25th Mar 2020 5:30pm-7:00pm

M2, Grand Parade

ALL of CMNH’s real-world/face-to-face activities are cancelled until it’s deemed safe for everyone to revert to normal life. The risks to people’s health in carrying on as usual are now clearly too great, and it would be irresponsible to continue our non-virtual activities until those risks significantly diminish.

John Siblon (Birkbeck College)

In the First World War, men from Britain and its Empire were mobilized to fight and kill those from the empires of the Central Powers. Where bodies of those killed were located, they were placed in makeshift cemeteries awaiting formal interment at the cessation of hostilities. Bodies were eventually buried in plots in military cemeteries, such as across the former Western Front, where they were arranged in rows with headstones or had their names inscribed on memorials where a body could not be found. The organisation responsible for creating the war cemeteries, the Imperial War Graves Commission, was founded on a principle of egalitarianism. There would be distinction of race, rank, or creed in the memorialization of the ‘million dead of empire’. My research has shown, however, that there was variation in policy, especially in the African continent. It is estimated that over 300,000 Africans were killed in military service. Yet, it is not possible to see headstones for Africans such as in Europe or Gallipoli. Where black colonial units were commemorated, it was due to their Christianity. In this talk, I will argue that officials behind the British imperial project organised colonial society through an intersectional hierarchy to ensure their dominance and that this same thinking was applied representation in memorial culture in the post-war years. Was the memorial landscape interpreted as a visible representation of imperial hierarchy or were they imagined as hybrid sites of memory?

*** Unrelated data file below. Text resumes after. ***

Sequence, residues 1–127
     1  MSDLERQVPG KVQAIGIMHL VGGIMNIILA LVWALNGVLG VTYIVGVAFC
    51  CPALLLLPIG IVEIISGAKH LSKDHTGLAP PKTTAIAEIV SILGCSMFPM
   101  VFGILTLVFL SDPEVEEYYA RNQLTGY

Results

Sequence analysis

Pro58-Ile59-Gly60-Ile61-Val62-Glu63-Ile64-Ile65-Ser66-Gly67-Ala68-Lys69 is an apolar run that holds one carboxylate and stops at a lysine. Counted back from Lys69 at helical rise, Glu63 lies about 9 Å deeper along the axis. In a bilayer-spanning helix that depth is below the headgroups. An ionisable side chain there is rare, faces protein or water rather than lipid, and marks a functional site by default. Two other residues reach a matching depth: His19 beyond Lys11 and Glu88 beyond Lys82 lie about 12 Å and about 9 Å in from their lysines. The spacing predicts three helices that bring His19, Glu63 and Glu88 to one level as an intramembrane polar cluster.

John Siblon is a History Teacher in London and is completing a PhD on hierarchy and the representation of black colonial servicemen after the First World War. He has published work on aspects of black British history pre-1850, identity, and the lack of monuments to black Britons and peoples of the British Empire. He has campaigned for a more inclusive History curriculum, and is a member of the Race, Equality & Ethnicity Working Group for the Royal Historical Society. His latest publication was ‘‘Race’, rank, and the politics of inter-war commemoration of African and Caribbean servicemen in Britain.’ in Hakim Adi (ed.), Black British History: New Perspectives from the Roman Times to the Present Day (London: Zed Books, 2019).